- Fredrico, HACCP Manager

Tradition of Service

“I am not a veteran, but I come from a family with decades of service history.

My uncle served in the US Army and was stationed in the White House for President’s Reagan, Bush, and Clinton.

My grandfather of my dad’s side served in the Korean War in the US Navy.

Veteran Bronze Star Medal letterAnd when my mom recently passed, I found a letter. My grandfather, her dad, was in the U S Army and fought in WWII. He received the Bronze Star for heroic achievement in an infantry battle in Italy. According to the letter from the US War Department, my grandfather, without regard for his own person safety, halted an enemy advancement with the help of his gun crews.

I deeply appreciate all the men and women who have served in the U S Military. Thank you to all!!”

- Ashley Weaver, VP of Business Development

Determined to Save Others

Veteran, Captain Simmang, receives the Flying Cross“My father, Captain Simmang, received The Distinguished Flying Cross because of his courage and bravery in Vietnam during a life-endangering flight in 1968 to help save the lives of many young men.

On a particularly treacherous night, he guided his C-130 aircraft through the low ceilings, hazardous terrain, and hostile ground fire. He used radar and doppler navigation when a visual approach could not be made. He completed this extraordinary achievement in order to drop critically needed supplies to a besieged Marine garrison at Khe Sanh, Vietnam.

His professional competence, aerial skill, and devotion to duty displayed “great credit upon himself and the United States Air Force,” according to the Air Force documents.

He was awarded the Distinguished Flying Cross by General Brown in 1969.”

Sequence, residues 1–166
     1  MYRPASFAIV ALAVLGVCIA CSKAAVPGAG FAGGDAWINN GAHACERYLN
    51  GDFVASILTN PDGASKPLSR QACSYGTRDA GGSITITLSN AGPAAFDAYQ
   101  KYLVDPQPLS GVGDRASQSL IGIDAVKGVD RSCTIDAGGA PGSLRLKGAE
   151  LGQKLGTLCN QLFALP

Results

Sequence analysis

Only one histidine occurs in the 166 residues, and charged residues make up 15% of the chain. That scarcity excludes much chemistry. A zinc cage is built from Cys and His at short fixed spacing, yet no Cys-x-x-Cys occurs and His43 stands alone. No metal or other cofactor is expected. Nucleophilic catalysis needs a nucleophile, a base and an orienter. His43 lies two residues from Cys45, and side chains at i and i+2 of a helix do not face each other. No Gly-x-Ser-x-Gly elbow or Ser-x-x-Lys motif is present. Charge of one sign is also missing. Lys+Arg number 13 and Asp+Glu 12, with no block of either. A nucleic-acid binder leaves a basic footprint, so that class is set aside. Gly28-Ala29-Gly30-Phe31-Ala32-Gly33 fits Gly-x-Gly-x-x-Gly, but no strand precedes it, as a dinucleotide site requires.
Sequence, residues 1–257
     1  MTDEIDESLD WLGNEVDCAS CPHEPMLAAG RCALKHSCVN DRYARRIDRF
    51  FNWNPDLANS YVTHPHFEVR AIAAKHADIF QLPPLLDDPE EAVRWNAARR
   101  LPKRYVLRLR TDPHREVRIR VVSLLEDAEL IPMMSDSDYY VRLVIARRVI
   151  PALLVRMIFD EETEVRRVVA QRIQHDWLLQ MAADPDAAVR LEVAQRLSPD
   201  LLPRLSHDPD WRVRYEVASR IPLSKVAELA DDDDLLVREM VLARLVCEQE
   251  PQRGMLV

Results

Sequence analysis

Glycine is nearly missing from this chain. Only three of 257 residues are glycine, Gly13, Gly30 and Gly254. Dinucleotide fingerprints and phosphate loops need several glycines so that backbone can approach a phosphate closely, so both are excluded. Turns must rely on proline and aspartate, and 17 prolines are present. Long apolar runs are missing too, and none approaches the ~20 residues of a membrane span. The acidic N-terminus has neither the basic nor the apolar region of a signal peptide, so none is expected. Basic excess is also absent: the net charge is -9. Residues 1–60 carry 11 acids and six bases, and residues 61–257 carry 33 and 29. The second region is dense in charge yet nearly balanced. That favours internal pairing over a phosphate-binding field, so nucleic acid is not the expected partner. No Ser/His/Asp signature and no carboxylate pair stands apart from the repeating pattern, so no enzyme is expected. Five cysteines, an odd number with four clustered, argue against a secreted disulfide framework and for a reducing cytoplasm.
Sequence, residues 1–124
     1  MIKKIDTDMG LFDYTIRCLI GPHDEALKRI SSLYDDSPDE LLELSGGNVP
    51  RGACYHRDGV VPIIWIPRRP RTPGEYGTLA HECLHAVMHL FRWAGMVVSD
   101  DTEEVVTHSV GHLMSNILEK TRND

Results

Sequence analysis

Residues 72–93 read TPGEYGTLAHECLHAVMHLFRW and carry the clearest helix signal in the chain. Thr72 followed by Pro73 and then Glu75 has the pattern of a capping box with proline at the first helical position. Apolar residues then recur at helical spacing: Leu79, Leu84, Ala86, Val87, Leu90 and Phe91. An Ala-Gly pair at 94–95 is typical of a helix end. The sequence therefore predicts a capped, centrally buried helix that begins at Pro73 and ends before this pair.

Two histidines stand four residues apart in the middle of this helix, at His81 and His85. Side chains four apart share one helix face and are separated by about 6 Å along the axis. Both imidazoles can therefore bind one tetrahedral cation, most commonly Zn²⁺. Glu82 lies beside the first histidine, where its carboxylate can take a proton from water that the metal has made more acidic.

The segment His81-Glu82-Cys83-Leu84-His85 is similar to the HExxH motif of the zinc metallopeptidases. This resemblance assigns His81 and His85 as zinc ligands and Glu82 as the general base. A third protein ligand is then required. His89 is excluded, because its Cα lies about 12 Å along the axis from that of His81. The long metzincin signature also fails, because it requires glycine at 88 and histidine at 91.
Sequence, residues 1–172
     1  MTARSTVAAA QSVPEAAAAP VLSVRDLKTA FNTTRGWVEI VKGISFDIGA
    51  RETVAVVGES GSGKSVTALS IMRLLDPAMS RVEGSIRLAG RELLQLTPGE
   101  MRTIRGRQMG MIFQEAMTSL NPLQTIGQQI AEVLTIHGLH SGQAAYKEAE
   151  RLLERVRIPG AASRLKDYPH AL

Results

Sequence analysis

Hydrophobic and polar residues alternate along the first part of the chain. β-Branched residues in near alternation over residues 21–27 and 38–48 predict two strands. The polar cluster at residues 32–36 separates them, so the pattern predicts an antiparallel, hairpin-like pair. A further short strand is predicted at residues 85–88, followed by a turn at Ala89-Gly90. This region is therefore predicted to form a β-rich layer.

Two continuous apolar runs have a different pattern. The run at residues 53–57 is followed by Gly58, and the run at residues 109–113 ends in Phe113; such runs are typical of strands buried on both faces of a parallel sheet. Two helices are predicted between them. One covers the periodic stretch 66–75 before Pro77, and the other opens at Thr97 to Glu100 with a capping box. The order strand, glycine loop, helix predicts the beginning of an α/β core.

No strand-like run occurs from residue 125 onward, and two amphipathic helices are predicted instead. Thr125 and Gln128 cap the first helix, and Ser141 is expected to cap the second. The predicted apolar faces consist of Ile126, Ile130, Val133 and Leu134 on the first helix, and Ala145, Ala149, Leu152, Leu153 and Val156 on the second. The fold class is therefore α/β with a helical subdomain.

- Paul Simmang, Director of Business Development

Teaching Others

Veteran Ghazwan, Sous Chef“I joined the 4th infantry division in Iraq in April 2003. I worked with the Engineer Brigade and helped lead lectures in culture and heritage.

I’ve received several rewards/ Army coins and certificates throughout my years of service.”

- Ghazwan, Sous Chef

Remembering Family

Veteran memorial flag and purple heart“I appreciate the service of every Veteran. Here’s a picture of my dad’s memorial flag and my grandfather’s Purple Heart that he received for his wounded service from World War II. I keep them close to me so I can remember their sacrifice every day. Currently they are on the wall at the corner of my desk in my home office.”

- Don Toole, SVP Sales and Marketing

 

Don’t forget to appreciate the Veterans in your community every day, but especially on November 11. Take some time to spend time with the Veterans in your life, say thank you, or volunteer your time to help out older or disabled vets.

These are challenging times but Flagship's customizable approach to your facility's needs will help you protect employees and your assets now and into the future.

Email a facilities expert today and get the help you need to keep your facility healthy and safe.